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Gakkel Ridge

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Title: Gakkel Ridge  
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Subject: Mid-Atlantic Ridge, Southwest Indian Ridge, List of Russian explorers, Amundsen Basin, Greenland Plate
Collection: Underwater Ridges of the Arctic Ocean
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Gakkel Ridge

Main bathymetric/topographic features of the Arctic Ocean
Pillow lava from the Gakkel Ridge

The Gakkel Ridge (formerly known as the Nansen Cordillera and Arctic Mid-Ocean Ridge)[1] is a mid-oceanic ridge, a divergent tectonic plate boundary between the North American Plate and the Eurasian Plate.[2] It is located in the Arctic Ocean between Greenland and Siberia, and has a length of about 1,800 kilometers. Geologically, it connects the northern end of the Mid-Atlantic Ridge with the Laptev Sea Rift.

The existence and approximate location of the Gakkel Ridge were predicted by Soviet polar explorer Yakov Yakovlevich Gakkel, and confirmed on Soviet expeditions in the Arctic around 1950. The Ridge is named after him, and the name was recognized in April 1987 by SCUFN (under that body's old name, the Sub-Committee on Geographical Names and Nomenclature of Ocean Bottom Features).[1]

The ridge is the slowest known spreading ridge on earth, with a rate of less than one centimeter per year. Until 1999, it was believed to be non-volcanic; that year, scientists operating from a nuclear submarine discovered active volcanos along it. In 2001 two research icebreakers, the German Polarstern and the American Healy, with several groups of scientists, cruised to the Gakkel Ridge to explore it and collect petrological samples. Among other discoveries, this expedition found evidence of hydrothermal vents. In 2007, Woods Hole Oceanographic Institution conducted the "Arctic Gakkel Vents Expedition" (AGAVE), which made some unanticipated discoveries, including the unconsolidated fragmented pyroclastic volcanic deposits that cover the axial valley of the ridge (whose area is greater than 10 km2). These suggest volatile substances in concentrations ten times those in the magmas of normal mid-ocean ridges.[3] The AGAVE expedition also discovered on the Gakkel ridge, using "free-swimming" robotic submersibles, what they called "bizarre 'mats' of microbial communities containing a half dozen or more new species".[4]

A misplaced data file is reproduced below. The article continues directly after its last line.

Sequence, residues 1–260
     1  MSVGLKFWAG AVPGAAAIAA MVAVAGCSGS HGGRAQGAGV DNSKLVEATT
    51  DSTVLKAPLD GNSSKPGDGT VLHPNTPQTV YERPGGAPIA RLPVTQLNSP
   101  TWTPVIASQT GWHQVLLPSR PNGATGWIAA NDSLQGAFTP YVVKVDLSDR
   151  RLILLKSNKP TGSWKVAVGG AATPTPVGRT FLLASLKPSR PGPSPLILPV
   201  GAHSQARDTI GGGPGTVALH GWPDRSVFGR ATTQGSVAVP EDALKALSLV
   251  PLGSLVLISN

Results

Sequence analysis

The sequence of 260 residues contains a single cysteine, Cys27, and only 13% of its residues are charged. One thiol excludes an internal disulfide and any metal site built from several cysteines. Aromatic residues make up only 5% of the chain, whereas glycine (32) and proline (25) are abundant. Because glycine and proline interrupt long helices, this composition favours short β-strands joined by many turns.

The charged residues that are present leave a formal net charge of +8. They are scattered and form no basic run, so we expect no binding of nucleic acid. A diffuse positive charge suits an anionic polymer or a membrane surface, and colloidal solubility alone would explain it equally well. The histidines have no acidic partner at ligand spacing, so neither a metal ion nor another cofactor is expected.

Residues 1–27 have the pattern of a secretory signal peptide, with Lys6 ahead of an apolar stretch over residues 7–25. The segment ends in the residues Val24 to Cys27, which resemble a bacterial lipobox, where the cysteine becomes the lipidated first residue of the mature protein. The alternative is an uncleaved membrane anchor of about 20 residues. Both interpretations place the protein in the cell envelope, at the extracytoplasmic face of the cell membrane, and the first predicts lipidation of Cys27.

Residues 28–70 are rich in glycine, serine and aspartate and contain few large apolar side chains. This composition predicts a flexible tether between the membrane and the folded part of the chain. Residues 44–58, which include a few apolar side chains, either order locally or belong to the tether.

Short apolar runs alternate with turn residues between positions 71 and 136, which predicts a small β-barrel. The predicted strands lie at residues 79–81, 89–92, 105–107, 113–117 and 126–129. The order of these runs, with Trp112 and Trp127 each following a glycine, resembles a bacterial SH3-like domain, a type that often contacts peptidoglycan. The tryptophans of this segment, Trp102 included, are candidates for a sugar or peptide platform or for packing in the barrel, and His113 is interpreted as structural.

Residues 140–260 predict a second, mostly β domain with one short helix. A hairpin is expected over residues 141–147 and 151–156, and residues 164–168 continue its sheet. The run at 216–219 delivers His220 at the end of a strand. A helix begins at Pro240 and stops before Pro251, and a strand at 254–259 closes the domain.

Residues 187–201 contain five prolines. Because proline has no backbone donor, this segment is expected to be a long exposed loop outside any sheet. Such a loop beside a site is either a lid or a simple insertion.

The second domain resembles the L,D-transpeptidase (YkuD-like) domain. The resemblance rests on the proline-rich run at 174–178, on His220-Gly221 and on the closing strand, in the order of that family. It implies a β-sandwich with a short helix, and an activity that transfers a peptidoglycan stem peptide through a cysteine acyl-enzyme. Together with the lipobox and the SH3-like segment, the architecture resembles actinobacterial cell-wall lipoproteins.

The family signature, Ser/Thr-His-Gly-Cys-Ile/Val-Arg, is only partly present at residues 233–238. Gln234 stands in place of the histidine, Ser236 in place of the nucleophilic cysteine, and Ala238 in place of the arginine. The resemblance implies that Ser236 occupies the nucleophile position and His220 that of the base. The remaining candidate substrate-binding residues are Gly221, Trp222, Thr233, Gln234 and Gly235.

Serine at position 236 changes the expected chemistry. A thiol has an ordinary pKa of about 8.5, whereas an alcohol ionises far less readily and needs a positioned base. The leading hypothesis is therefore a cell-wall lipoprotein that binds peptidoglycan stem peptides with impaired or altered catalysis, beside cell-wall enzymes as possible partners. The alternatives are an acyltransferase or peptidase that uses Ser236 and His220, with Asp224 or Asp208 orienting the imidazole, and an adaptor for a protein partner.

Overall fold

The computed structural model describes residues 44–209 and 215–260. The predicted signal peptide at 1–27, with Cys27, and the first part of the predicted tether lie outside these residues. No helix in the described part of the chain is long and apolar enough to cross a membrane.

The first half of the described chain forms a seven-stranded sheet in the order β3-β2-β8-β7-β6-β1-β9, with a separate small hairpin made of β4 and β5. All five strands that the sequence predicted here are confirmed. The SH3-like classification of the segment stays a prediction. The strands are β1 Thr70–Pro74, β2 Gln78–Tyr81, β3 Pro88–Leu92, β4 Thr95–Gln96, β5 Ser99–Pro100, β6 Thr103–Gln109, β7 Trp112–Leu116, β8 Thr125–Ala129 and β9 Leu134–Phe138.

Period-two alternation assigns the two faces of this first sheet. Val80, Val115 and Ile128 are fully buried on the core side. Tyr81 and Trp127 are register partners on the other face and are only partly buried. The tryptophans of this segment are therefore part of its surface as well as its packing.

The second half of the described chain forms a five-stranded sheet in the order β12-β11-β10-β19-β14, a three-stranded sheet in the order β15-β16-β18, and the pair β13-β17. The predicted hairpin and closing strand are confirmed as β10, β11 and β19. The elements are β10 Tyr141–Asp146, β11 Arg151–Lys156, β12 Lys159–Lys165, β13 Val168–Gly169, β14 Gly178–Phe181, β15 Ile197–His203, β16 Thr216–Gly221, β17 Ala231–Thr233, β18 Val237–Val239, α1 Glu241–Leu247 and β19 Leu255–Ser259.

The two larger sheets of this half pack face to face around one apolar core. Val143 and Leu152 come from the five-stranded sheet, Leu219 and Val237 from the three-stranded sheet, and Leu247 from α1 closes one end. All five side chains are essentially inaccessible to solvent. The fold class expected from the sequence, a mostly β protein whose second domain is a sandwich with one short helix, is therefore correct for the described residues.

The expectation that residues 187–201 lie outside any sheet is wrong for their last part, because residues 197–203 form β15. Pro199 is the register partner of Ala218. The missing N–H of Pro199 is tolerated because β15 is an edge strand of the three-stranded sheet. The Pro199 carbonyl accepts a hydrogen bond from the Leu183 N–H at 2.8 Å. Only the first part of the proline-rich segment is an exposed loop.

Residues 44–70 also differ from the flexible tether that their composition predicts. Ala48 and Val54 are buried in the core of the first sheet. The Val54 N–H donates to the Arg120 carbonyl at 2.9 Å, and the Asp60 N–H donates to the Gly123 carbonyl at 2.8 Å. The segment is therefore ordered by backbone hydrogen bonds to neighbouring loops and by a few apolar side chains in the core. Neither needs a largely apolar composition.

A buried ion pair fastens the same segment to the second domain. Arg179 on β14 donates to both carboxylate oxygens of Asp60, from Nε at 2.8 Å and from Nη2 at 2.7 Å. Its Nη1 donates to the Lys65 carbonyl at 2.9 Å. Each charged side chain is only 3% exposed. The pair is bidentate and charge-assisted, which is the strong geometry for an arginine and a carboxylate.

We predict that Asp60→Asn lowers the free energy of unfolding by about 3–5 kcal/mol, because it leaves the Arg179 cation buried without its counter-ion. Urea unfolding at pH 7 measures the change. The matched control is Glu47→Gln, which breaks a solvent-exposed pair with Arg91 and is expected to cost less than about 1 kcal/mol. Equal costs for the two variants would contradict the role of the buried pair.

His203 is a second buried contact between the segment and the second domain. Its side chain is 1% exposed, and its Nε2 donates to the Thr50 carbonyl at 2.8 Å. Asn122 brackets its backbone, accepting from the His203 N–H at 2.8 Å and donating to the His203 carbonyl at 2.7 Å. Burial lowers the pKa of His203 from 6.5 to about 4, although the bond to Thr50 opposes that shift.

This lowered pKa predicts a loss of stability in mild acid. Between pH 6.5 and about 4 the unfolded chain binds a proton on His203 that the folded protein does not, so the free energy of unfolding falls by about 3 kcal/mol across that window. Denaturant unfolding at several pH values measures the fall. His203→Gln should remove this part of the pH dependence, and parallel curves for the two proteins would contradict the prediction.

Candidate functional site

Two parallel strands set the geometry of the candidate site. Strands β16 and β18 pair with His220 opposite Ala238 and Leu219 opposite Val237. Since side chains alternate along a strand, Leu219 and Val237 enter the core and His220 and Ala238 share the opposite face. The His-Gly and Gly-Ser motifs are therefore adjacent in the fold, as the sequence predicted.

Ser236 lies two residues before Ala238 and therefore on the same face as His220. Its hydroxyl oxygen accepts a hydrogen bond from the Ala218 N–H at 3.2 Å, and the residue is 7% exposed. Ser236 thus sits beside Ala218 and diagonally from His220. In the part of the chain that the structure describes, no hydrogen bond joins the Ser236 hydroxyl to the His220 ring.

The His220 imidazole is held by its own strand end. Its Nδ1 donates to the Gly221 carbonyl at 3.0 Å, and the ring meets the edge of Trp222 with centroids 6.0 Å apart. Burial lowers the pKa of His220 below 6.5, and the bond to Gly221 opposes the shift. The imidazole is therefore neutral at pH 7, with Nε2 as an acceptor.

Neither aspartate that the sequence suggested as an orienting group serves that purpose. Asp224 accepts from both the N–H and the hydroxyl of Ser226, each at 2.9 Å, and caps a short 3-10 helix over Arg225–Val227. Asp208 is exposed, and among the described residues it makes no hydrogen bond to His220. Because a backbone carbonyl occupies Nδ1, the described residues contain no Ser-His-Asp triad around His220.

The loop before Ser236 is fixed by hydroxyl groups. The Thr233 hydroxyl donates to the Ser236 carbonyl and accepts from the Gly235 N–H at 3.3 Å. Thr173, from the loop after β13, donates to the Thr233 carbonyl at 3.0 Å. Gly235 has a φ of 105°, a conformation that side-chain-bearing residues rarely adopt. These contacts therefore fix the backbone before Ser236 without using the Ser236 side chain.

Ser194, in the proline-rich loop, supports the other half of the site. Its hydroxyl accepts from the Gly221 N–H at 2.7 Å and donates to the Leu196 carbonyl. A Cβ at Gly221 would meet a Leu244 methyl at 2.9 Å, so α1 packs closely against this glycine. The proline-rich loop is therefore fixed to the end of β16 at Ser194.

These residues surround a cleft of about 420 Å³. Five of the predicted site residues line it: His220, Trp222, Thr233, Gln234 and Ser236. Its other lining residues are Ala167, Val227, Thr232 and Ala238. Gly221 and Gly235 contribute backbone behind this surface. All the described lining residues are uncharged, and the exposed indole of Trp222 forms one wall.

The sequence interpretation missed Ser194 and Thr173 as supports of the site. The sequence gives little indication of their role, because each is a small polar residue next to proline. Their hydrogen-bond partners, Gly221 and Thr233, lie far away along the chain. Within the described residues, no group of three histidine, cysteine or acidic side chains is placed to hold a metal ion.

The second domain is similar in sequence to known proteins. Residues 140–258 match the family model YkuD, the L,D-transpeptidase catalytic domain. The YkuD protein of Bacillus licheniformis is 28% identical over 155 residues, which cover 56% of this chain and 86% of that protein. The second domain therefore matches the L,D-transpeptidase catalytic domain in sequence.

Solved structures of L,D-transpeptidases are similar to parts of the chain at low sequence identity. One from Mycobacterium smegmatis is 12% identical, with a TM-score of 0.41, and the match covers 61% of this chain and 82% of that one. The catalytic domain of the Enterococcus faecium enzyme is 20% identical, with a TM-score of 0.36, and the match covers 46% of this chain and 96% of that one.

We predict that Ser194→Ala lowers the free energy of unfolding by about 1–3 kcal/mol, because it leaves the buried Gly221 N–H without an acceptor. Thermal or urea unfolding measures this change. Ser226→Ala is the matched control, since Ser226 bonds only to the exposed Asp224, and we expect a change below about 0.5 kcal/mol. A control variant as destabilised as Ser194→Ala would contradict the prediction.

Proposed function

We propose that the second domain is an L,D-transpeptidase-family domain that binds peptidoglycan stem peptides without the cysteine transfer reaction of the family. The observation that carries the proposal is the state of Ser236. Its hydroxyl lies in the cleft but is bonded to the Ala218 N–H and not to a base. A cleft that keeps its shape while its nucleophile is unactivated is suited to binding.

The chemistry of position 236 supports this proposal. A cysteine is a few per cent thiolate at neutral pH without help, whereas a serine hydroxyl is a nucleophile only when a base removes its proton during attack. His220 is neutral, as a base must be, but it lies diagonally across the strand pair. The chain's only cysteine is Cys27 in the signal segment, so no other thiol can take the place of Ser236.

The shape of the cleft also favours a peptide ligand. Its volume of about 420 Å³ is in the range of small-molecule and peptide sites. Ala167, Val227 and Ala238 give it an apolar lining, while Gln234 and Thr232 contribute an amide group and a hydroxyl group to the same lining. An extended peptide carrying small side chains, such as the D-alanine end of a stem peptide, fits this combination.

References

  1. ^ a b "IHO-IOC GEBCO Gazetteer" (PDF).  
  2. ^ "GPS Measurements Reveal Imprint of North American Plate in Siberia", Earth Institute at Columbia University, 2003
  3. ^ Robert A. Sohn, et al., Explosive volcanism on the ultraslow-spreading Gakkel ridge, Arctic Ocean, Nature 453, 1236-1238 (26 June 2008) | doi:10.1038/nature07075 http://www.nature.com/nature/journal/v453/n7199/full/nature07075.html (abstract)
  4. ^ http://www.ridge2000.org/dls/abstracts.php The Arctic Gakkel Vents (AGAVE) Expedition: A High–Stakes Technology Gamble Pays Big Dividends Beneath the Arctic Ice Cap, Ridge 2000 Abstracts 2009
  • Evidence of Recent Volcanic Activity Found Along the Slow-Spreading Gakkel RidgeKristen Watson, Mar. 2001,

Further reading

  • Jokat, Wilfried, and Mechita C. Schmidt-Aursch. 2007. "Geophysical Characteristics of the Ultraslow Spreading Gakkel Ridge, Arctic Ocean". Geophysical Journal International. 168, no. 3: 983-998. doi:10.1111/j.1365-246X.2006.03278.x

External links

  • Polar Discovery: Gakkel Ridge
  • http://diotima.mpch-mainz.mpg.de/~geo/Arctic/index.html
  • http://www.geolsoc.org.uk/template.cfm?name=Gakkel
  • http://www.nature.com/cgi-taf/DynaPage.taf?file=/nature/journal/v421/n6920/abs/nature01351_r.html
  • http://www.noaanews.noaa.gov/stories/s1081.htm
  • http://news.yahoo.com/s/ap/20070622/ap_on_sc/arctic_new_life

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